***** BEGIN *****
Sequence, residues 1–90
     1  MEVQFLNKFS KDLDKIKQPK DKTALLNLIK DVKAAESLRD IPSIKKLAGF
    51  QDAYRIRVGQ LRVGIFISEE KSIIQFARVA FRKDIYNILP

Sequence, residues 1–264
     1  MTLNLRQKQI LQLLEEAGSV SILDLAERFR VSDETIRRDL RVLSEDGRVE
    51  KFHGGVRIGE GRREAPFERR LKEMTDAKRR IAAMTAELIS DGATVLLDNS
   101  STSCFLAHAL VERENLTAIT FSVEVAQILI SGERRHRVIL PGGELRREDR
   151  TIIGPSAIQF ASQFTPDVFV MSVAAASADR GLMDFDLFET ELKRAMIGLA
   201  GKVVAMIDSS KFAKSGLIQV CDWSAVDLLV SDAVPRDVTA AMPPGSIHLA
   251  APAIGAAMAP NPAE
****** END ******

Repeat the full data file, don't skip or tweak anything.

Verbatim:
Sequence, residues 1–90
     1  MEVQFLNKFS KDLDKIKQPK DKTALLNLIK DVKAAESLRD IPSIKKLAGF
    51  QDAYRIRVGQ LRVGIFISEE KSIIQFARVA FRKDIYNILP

Sequence, residues 1–264
     1  MTLNLRQKQI LQLLEEAGSV SILDLAERFR VSDETIRRDL RVLSEDGRVE
    51  KFHGGVRIGE GRREAPFERR LKEMTDAKRR IAAMTAELIS DGATVLLDNS
   101  STSCFLAHAL VERENLTAIT FSVEVAQILI SGERRHRVIL PGGELRREDR
   151  TIIGPSAIQF ASQFTPDVFV MSVAAASADR GLMDFDLFET ELKRAMIGLA
   201  GKVVAMIDSS KFAKSGLIQV CDWSAVDLLV SDAVPRDVTA AMPPGSIHLA
   251  APAIGAAMAP NPAE